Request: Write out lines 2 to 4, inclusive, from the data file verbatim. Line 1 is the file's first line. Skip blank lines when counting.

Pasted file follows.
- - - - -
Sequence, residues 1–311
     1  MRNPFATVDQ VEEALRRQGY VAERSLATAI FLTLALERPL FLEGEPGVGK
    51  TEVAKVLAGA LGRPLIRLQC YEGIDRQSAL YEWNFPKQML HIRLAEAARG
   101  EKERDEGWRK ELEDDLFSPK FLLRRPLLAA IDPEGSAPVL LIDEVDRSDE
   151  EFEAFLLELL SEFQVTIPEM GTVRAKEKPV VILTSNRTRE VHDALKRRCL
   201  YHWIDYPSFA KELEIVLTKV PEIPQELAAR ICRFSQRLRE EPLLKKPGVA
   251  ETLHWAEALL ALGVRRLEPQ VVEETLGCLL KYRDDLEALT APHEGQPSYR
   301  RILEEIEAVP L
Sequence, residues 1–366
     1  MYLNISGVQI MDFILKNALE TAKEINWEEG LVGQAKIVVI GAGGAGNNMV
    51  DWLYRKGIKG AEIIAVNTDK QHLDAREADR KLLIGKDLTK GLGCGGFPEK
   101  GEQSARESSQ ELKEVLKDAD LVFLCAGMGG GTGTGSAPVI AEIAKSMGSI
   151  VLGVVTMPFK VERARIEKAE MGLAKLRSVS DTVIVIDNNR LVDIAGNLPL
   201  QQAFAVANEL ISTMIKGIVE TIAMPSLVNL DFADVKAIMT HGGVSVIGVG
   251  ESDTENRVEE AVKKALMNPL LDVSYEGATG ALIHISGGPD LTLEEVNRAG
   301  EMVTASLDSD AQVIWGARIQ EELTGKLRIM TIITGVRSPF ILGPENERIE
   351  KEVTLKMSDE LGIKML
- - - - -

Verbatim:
     1  MRNPFATVDQ VEEALRRQGY VAERSLATAI FLTLALERPL FLEGEPGVGK
    51  TEVAKVLAGA LGRPLIRLQC YEGIDRQSAL YEWNFPKQML HIRLAEAARG
   101  EKERDEGWRK ELEDDLFSPK FLLRRPLLAA IDPEGSAPVL LIDEVDRSDE